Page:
Where Was Santa This Week?
It’s a magical night for little tykes, with the lighting of the Christmas tree followed by fireworks and the much anticipated arrival of Santa Claus. In years past, Santa made his entrance using various modes of transportation, including a horse drawn sleigh and helicopter. This year we were told he arrived by shoe leather; that’s right, he walked onto the scene as hundreds of children lined up , anxiously waiting to recite their Christmas wish list.
We were there, but we never caught a glimpse of the man in the red suit! We counted down as the tree was lit and the lights moved to music. We watched as the choirs took the stage and performed for an audience largely made up of parents. We saw the fire engine parked over on Sixth Street and we were astonished at the dark and empty storefronts surrounding the downtown square on the busiest night of the year.
There was a machine cranking out snow that melted quickly in our mild North Texas weather. The slush was being used to lubricate the snow slide while a long line of kids waited their turn to plunge down the slippery slope. The slide was over on Main Street, near Baker’s Furniture store, which was open for business, as was the Generator Coffee House on Sixth and the Rowlett Florist on State Street. All other storefronts seemed to be dark. We worked our way through the vendor lines, and entered into 507 State Street, curiously labeled “Food Truck Loft” only to find ourselves outside again! The burned out store that had been condemned and boarded up for more than a decade has no roof or rear wall. An arched brick wall divides the rustic space, and just beyond it, a food truck was serving customers. We took a seat at a table and enjoyed the music of the Gypsy Playboys. We also sampled complimentary flavored popcorn from Rodeo City Popcorn and sodas from Intrinsic Brewing. This was a more orderly environment, with a crowd made up mainly of adults who had been drawn in by the music and holiday lighting.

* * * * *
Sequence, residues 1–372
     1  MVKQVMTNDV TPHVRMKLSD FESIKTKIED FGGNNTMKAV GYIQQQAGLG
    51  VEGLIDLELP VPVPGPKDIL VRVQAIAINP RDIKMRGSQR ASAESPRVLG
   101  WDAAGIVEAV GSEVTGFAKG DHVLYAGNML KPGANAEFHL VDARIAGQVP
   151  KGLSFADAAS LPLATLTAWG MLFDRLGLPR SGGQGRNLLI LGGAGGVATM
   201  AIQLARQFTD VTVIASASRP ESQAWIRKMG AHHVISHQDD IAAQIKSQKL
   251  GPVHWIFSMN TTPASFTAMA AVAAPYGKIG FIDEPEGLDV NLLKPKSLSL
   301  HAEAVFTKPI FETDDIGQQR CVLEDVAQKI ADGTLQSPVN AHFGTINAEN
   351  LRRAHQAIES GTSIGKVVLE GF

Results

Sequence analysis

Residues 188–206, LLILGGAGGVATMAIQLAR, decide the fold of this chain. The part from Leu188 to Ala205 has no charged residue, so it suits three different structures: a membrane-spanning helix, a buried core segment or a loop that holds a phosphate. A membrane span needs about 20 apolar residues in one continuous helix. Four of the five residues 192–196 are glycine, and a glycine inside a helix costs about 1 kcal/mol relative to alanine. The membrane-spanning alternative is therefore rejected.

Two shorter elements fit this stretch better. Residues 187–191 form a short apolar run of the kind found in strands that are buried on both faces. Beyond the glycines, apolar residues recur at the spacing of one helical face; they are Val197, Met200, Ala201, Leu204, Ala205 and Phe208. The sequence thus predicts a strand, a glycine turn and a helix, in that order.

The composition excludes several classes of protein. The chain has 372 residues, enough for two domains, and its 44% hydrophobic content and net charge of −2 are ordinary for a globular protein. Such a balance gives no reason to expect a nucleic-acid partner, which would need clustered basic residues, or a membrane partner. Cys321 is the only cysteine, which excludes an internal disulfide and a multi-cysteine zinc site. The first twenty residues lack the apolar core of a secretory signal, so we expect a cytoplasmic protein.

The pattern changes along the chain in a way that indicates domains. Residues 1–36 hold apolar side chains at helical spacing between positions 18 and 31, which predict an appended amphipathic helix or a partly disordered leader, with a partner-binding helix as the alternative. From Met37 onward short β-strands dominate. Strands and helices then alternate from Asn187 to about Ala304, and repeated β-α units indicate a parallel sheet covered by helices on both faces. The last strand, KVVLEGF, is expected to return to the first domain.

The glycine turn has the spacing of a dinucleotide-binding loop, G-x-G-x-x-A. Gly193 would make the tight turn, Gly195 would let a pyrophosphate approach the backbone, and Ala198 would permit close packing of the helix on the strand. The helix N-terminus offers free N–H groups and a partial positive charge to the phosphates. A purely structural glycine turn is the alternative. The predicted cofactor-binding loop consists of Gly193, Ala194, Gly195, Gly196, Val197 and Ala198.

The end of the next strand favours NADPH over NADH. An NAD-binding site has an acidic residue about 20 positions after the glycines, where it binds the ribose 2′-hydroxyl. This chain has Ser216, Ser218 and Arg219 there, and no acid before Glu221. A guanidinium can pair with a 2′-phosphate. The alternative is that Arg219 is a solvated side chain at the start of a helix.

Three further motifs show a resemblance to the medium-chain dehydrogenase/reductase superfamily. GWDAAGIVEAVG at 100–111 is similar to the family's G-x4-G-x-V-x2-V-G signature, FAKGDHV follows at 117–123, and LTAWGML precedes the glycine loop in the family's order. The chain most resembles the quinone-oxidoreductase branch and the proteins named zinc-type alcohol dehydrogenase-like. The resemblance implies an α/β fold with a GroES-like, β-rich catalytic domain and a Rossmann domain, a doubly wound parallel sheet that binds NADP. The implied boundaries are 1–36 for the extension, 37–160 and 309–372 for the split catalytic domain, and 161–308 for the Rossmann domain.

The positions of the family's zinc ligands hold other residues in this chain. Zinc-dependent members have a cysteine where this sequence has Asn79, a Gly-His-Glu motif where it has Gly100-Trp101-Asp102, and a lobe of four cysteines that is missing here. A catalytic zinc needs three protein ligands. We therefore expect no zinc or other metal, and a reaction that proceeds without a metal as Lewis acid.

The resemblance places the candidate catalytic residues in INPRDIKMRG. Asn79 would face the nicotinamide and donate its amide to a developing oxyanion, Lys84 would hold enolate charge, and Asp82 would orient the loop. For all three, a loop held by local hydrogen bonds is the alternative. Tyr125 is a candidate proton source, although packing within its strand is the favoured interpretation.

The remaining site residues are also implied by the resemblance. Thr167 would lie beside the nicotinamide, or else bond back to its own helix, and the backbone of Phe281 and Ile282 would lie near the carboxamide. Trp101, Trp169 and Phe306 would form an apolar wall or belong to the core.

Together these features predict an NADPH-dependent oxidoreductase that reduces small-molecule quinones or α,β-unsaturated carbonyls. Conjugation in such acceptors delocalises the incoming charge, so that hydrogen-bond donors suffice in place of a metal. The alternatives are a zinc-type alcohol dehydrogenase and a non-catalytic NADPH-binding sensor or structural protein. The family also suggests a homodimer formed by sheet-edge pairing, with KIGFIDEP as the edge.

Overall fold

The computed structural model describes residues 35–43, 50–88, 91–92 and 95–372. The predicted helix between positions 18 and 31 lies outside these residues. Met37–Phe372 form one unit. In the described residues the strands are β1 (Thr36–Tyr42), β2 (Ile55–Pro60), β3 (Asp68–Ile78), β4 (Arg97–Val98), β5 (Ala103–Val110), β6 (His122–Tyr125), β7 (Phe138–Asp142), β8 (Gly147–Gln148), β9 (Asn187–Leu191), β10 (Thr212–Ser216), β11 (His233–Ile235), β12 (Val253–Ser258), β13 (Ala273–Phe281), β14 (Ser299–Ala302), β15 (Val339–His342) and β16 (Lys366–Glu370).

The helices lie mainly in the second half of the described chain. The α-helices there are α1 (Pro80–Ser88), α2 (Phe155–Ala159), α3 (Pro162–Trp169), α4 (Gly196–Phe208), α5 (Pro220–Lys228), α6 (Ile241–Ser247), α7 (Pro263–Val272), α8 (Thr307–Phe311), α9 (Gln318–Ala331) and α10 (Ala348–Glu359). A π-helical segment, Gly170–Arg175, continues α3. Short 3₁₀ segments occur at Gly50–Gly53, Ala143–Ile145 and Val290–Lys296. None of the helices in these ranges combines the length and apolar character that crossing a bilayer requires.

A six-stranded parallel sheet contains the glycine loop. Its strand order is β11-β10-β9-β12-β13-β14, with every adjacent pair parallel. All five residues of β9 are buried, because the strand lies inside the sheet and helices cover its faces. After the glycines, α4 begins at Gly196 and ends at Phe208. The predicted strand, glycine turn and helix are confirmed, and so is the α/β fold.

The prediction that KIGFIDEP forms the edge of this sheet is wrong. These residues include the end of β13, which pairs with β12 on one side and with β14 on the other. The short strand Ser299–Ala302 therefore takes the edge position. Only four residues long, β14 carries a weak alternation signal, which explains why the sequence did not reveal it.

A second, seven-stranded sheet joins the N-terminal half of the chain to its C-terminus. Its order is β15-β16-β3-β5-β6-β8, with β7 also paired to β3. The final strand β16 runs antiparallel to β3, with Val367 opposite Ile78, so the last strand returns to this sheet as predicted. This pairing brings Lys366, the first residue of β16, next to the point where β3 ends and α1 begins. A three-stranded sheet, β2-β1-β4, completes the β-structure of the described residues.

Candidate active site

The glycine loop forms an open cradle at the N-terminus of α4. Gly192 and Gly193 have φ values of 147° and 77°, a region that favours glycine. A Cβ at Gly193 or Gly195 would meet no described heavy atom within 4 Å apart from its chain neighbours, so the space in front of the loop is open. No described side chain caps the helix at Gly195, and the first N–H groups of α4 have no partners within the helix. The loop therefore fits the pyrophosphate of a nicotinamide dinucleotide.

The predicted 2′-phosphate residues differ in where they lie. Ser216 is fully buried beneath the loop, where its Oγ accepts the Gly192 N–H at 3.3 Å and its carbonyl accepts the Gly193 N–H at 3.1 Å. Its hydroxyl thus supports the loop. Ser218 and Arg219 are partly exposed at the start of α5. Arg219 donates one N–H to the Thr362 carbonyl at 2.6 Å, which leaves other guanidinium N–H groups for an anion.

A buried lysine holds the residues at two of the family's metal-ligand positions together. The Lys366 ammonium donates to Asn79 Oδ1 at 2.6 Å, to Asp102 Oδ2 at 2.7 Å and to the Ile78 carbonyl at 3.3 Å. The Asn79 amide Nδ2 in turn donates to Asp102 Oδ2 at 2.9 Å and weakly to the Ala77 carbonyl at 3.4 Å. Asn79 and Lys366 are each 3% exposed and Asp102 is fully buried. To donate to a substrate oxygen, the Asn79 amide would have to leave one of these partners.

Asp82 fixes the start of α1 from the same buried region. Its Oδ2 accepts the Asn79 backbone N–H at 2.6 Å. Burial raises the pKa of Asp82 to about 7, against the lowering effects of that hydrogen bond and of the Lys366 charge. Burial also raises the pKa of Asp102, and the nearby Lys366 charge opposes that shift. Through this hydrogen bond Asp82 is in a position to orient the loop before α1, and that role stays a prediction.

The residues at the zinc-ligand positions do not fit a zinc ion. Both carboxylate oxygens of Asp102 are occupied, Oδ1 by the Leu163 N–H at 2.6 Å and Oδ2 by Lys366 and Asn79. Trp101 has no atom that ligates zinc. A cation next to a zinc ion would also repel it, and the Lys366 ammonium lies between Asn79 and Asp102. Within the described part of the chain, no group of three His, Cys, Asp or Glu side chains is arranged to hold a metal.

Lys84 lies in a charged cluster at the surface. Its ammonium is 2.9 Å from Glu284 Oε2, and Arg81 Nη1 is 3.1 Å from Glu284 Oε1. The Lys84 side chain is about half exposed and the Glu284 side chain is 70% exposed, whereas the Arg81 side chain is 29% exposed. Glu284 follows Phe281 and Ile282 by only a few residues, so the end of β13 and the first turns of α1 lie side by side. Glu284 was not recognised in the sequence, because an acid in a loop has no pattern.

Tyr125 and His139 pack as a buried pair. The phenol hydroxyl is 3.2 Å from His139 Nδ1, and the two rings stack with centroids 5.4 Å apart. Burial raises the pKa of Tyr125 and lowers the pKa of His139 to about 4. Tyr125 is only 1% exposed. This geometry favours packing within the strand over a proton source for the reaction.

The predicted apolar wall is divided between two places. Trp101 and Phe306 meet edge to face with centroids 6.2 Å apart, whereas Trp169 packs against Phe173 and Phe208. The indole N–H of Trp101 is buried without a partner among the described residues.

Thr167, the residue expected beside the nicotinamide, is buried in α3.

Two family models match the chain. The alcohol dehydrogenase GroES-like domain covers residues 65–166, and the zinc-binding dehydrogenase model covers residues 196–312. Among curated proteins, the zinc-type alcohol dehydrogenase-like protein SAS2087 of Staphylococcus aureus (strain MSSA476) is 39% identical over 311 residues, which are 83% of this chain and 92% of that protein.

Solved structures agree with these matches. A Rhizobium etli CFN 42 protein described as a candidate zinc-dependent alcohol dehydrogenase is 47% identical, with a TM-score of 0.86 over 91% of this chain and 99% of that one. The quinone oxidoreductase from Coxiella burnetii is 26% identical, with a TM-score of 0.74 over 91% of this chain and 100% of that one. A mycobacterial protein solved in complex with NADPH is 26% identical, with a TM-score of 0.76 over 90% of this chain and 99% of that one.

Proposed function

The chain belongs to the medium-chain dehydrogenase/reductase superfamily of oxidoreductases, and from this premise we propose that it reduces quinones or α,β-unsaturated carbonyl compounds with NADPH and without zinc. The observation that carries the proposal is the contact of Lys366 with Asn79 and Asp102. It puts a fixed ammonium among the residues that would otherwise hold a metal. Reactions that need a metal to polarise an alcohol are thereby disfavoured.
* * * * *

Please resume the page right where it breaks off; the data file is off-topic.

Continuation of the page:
Strolling outside and looking across at the square, we noticed the line-up along the front of the Garland Civic Theatre Building. It was obvious that it was the crowd waiting to see Santa, and since they were facing State Street, he was probably positioned somewhere around the corner. Though it was very dark, with no light at all, there were family groups posing for pictures in front of the 3D Santa scene created by Garland artist Lucas Cervellini. It was a chalk drawing the artist had labored over for 2 days, all but lost in the darkness. The entire event could have used more light, as it was also very dark in the streets and vendor areas. There were parents with baby strollers darting in every direction, apparently trying to find our elusive Santa. There may have been some electrical issues, as the Christmas tree lights flickered on and off, as did the lights in the trees surrounding the square. It’s ironic that a city that owns its own utility company would have a scarcity of lighting!
On our way back to the car we passed the ice sculpture and stopped to take a photo. We walked on past another photo op for folks who wanted to pose with costumed characters from the Disney movie, “Frozen”. It was about 8:30 and the fire engine was still parked on Sixth near the corner of Main Street. Firefighter and department information officer, Merrill Balanciere, was passing out the last remaining 2014 Firefighter calendars. It had been a major charity fundraiser for the department and Merrill was featured as Mr. December 2014. We were disappointed to learn that there will be no 2015 calendar published.
We stopped to chat with Linda Burleigh, artist and owner of “Paint a Party” on Main Street. Linda told us she had found it very worthwhile to remain open for the evening, having good sales and Paint Party bookings.
Christmas on the Square is downtown Garland’s premier event. It is definitely a family memory maker! It doesn’t cost a lot of money because parking is free and there are not admission charges. It’s the City of Garland’s Christmas Gift to and for its citizens. And we at the Garland/Rowlett Messenger were very pleased to be a part of it.